ANAHEIM, Calif. — Bald, beautiful and powerful, Chaunte Lowe sat on a podium here in late January and smiled radiantly at an NCAA convention audience. She projected confidence. She’d been diagnosed with breast cancer in the summer of 2019; she’d undergone a double mastectomy; she’d fought through chemotherapy; and none of that was going to stop her from making her fifth U.S. Olympic team as a high jumper come June.
It was an attitude we’d all aspire to have. But around the sport—and assuredly in a small corner of her own relentlessly optimistic mind—there were doubts.
Any 36-year-old athlete is fighting the tyranny of time, but what about a 36-year-old mother of three who is recovering from a body-ravaging disease? From chemo to Tokyo in less than a year seemed impossible.
Then the pandemic struck. Beyond the horrific loss of life globally and nationally, it also smashed a hole in the Olympic movement. Tokyo 2020 became Tokyo 2021, to the consternation of thousands of aspiring Olympians. Carefully laid plans were torn up. For many athletes, the timing could not have been worse.
For Lowe, the timing could not have been better.
“I needed every single day of that time to be able to train,” she said. “I’ve come back from pregnancy three times, so I know that it’s not impossible. I know I could have done it [in 2020], but it would have been a lot harder.”
Nothing seems too hard for Lowe. The fact that she barely even blinked after her cancer diagnosis is consistent with her outlook on life, and the way she’s lived it since her youth.
Growing up in a troubled family in California, young Chaunte used to walk miles to church by herself. She said her mother was in the throes of addiction and her father was incarcerated. Bills went unpaid, and utilities were turned off. After staying for a while with an aunt, she went to live permanently with her grandmother.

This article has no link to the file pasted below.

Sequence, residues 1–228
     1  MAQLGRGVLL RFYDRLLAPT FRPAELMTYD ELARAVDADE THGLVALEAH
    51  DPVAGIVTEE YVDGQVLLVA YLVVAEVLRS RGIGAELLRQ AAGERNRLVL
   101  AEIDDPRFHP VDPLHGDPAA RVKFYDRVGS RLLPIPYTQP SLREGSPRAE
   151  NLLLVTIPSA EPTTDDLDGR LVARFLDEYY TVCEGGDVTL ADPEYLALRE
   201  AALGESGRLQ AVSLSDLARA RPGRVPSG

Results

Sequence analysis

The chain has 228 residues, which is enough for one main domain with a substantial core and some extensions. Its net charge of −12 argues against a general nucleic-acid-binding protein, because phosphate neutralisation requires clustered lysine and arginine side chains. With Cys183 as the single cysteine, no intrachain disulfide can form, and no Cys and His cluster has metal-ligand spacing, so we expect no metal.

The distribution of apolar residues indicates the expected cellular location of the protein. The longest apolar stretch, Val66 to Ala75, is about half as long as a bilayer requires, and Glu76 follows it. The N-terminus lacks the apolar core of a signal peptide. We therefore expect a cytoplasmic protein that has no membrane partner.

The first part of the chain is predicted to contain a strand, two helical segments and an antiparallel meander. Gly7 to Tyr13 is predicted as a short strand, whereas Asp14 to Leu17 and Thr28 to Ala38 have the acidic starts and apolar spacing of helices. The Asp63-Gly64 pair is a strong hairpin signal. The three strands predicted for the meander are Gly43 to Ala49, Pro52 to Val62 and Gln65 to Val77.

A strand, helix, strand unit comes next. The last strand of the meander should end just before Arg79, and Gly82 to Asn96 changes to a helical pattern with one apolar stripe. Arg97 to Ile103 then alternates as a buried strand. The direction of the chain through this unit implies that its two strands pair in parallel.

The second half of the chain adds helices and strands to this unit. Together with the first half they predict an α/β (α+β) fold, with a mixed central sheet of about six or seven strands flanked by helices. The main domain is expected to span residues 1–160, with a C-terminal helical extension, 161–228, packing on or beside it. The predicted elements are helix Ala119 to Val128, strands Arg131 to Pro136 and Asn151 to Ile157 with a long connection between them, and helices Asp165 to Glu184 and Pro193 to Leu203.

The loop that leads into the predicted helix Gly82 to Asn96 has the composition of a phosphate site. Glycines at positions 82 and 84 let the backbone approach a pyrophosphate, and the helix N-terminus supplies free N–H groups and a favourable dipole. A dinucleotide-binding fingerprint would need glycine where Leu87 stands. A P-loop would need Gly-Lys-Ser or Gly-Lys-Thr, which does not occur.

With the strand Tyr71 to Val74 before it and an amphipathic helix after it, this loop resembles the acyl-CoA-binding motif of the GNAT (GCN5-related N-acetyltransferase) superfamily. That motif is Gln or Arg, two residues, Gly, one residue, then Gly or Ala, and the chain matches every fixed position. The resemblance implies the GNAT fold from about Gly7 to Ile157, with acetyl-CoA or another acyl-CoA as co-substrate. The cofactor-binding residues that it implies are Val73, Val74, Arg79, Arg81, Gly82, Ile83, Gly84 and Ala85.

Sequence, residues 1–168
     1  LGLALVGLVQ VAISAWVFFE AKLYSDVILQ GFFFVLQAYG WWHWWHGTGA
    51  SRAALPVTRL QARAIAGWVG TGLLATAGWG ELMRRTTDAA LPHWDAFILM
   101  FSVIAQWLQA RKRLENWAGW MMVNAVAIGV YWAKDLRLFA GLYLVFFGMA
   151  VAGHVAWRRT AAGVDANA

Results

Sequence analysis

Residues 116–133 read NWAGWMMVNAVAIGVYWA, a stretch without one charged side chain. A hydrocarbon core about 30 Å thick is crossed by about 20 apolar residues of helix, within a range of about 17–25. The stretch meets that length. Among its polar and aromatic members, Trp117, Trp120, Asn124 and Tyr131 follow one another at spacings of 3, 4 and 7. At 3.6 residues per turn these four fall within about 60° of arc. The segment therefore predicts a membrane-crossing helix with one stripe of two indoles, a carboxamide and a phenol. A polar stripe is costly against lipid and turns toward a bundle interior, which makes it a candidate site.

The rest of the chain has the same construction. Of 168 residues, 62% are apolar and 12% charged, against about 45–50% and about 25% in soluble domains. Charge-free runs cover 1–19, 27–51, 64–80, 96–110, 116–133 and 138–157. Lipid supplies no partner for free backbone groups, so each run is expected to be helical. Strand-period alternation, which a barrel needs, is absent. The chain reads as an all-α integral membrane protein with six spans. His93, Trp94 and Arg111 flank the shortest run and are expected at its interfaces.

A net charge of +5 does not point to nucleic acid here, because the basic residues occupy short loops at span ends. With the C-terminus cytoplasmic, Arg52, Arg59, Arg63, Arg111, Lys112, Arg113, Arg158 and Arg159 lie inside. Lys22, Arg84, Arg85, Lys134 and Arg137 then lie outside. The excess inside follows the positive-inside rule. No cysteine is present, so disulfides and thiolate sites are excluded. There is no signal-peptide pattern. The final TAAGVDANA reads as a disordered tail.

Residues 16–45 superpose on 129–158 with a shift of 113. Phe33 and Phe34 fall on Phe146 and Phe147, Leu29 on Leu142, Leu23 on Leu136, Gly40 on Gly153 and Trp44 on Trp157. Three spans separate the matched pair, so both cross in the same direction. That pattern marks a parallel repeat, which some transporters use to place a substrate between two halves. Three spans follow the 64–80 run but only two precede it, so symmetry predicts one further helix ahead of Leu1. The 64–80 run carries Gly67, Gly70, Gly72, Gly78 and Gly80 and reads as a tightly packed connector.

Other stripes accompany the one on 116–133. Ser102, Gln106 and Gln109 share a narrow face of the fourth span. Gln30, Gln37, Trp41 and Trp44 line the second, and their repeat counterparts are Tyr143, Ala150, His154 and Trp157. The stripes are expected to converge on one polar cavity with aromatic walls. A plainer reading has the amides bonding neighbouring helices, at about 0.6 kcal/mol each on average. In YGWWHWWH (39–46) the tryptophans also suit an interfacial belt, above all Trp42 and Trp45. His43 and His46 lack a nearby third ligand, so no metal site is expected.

Faith, she says, pulled her through a childhood fraught with peril. Her grandma went to church several times a week, and her uncle was the pastor at Riverside Faith Temple. That became her anchor.
Along the way, she came to realize she possessed a remarkable natural bounce, in both a literal and figurative sense. She could rise—above troubles and off the ground—in a way that other kids could not match. “I didn’t walk anywhere,” she said. “I jumped.” She jumped her way to a scholarship at Georgia Tech.
Lowe made her first Olympic team in 2004 as a 20-year-old sophomore at Tech. She retroactively won a bronze medal from the ’08 Olympics in Beijing, after later drug tests stripped the results of three competitors who finished ahead of her. She jumped an American outdoor record 2.05 meters in 2010 and an indoor record of 2.02 in 2012.
She won the world indoor championship in 2012 less than a year after giving birth to her second daughter, but finished sixth at the London Games. Between London and the 2016 Games in Rio de Janeiro, where she…
Read More: Chaunte Lowe: Breast cancer battle, US Olympic team traini 2020-05-29 18:32:00